By editorial board • 

Call for police reform musters rare degree of common cause

Newt Gingrich introduced polarization to American politics with unprecedented success during his term as House speaker in the latter half of the 1990s. He coerced Republicans to bloc-vote his Contract with America through the legislative process, reservations be damned.

His cancerous demand for conformity quickly spread from the Republican Party to its Democratic counterpart and from the halls of Congress to the 50 statehouses. Soon, the real decisionmaking began occurring largely in closed-door party caucuses, not in open, public floor sessions.

But on rare occasions, members of the nation’s two major opposing parties can find common ground even on a nationally contentious social issue like police reform. And on even rarer occasions, they can manage to do so in Democratically dominated Oregon.

We can now mark two such occasions here, and they should not go unheralded. It seems to us they have not received nearly the notice they deserve.

Triggered by George Floyd’s agonizing, nine-minute, slow-motion death under the boot of a Minneapolis police officer, and the national turmoil that erupted in its wake, the Oregon Legislature enacted a six-pack of police reform measures during a June 2020 special session.

And get this: One of them passed unanimously in both chambers. None of the rest drew more than two no votes in the Senate or four in the House.

Sadly, a pair of local representatives, Rep. Mike Nearman and Sen. Brian Boquist, accounted for a goodly share of the opposition. Nearman opposed five of the bills, Boquist four. And Boquist was the lone Senate dissenter on three of them.

With more time to study avenues of further action and garner support for them, legislative leaders returned during this year’s regular session with a package of nine more. And their near-unanimous showing in the House suggests smooth sailing in the Senate.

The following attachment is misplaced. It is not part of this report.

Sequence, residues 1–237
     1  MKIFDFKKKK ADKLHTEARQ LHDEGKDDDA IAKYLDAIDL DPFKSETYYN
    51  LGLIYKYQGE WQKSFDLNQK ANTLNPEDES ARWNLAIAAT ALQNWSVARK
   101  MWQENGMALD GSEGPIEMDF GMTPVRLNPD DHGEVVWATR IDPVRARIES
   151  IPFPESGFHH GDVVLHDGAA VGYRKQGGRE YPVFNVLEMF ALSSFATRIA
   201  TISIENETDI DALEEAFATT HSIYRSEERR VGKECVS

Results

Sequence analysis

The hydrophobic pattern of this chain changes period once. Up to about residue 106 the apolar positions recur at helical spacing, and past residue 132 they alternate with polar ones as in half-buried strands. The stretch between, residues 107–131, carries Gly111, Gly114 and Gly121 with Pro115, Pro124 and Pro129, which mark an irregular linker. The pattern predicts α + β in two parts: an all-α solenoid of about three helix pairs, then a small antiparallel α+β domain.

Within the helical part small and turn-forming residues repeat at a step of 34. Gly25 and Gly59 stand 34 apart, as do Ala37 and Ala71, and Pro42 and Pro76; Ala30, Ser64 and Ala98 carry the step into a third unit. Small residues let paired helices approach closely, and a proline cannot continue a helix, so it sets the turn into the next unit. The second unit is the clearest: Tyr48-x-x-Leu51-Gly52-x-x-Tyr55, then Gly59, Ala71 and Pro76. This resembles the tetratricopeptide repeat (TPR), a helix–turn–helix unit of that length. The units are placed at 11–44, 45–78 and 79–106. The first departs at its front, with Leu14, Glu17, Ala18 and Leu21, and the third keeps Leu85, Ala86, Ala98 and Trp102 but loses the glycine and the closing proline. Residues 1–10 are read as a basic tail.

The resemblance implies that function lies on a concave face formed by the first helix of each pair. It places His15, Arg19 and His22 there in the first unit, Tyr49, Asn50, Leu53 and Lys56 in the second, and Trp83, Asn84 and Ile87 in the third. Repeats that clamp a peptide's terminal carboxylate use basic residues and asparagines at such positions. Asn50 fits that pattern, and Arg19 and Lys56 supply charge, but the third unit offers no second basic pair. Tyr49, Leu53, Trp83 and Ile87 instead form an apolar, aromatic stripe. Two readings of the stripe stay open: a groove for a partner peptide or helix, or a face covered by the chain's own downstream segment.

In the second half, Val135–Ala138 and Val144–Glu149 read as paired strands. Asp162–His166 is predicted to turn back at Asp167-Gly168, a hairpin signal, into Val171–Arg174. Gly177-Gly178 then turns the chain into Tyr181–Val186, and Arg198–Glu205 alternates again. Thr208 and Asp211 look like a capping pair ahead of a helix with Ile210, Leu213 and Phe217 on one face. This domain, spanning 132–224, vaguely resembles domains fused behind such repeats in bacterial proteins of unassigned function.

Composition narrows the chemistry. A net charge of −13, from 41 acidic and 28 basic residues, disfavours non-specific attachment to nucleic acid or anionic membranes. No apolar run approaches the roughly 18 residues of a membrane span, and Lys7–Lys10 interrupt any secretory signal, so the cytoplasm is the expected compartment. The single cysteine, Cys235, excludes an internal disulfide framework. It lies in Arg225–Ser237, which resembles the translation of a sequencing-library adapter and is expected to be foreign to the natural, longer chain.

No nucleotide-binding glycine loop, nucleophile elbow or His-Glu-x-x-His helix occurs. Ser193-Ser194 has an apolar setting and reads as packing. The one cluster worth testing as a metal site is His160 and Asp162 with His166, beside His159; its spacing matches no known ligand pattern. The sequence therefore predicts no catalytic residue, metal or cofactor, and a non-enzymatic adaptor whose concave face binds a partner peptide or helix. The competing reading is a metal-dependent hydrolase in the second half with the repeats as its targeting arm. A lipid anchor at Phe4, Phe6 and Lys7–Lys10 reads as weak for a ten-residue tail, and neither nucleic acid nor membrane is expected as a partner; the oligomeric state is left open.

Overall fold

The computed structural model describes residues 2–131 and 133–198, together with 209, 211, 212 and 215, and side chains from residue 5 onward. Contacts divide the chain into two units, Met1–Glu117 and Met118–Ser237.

With Nearman facing criminal indictment in addition to a bad bout with COVID, he was on excused absence when the bills hit the House floor. That may have helped six of the nine achieve unanimous package, and two others to earn just four no votes.

Only House Bill 3164, limiting the circumstances under which a person could be charged with interfering with a police officer, stirred more than token opposition. And the count on it was a lopsided 48-10, with two absences.

Last year’s package established a joint legislative committee on police accountability, banned chokeholds and tear gas, required officers to report colleague misconduct, established a statewide database of suspensions and revocations, and limited ability to overturn discipline through arbitration.

This year’s requires CPR and clear airway training, further strengthens misconduct reporting requirements, requires background and social media checks to curb racism, supports gender bias training, makes doxing legally actionable, limits release of booking photos, bars obscuring of name or badge number, and clarifies the basis for declaring an assembly unlawful.

The joint committee established last year — a bipartisan group including our own Rep. Ron Noble, former police chief in McMinnville — led the way in developing this year’s followup package of reform measures. Building bipartisanship in at the outset proved its value in the smooth House passage and figures to pay off in like fashion in the Senate.

Democracy best works its magic when members of the two opposing parties can work out their differences amicably in advance and coalesce around a result that works for virtually everyone. And that’s what appears to be happening here.


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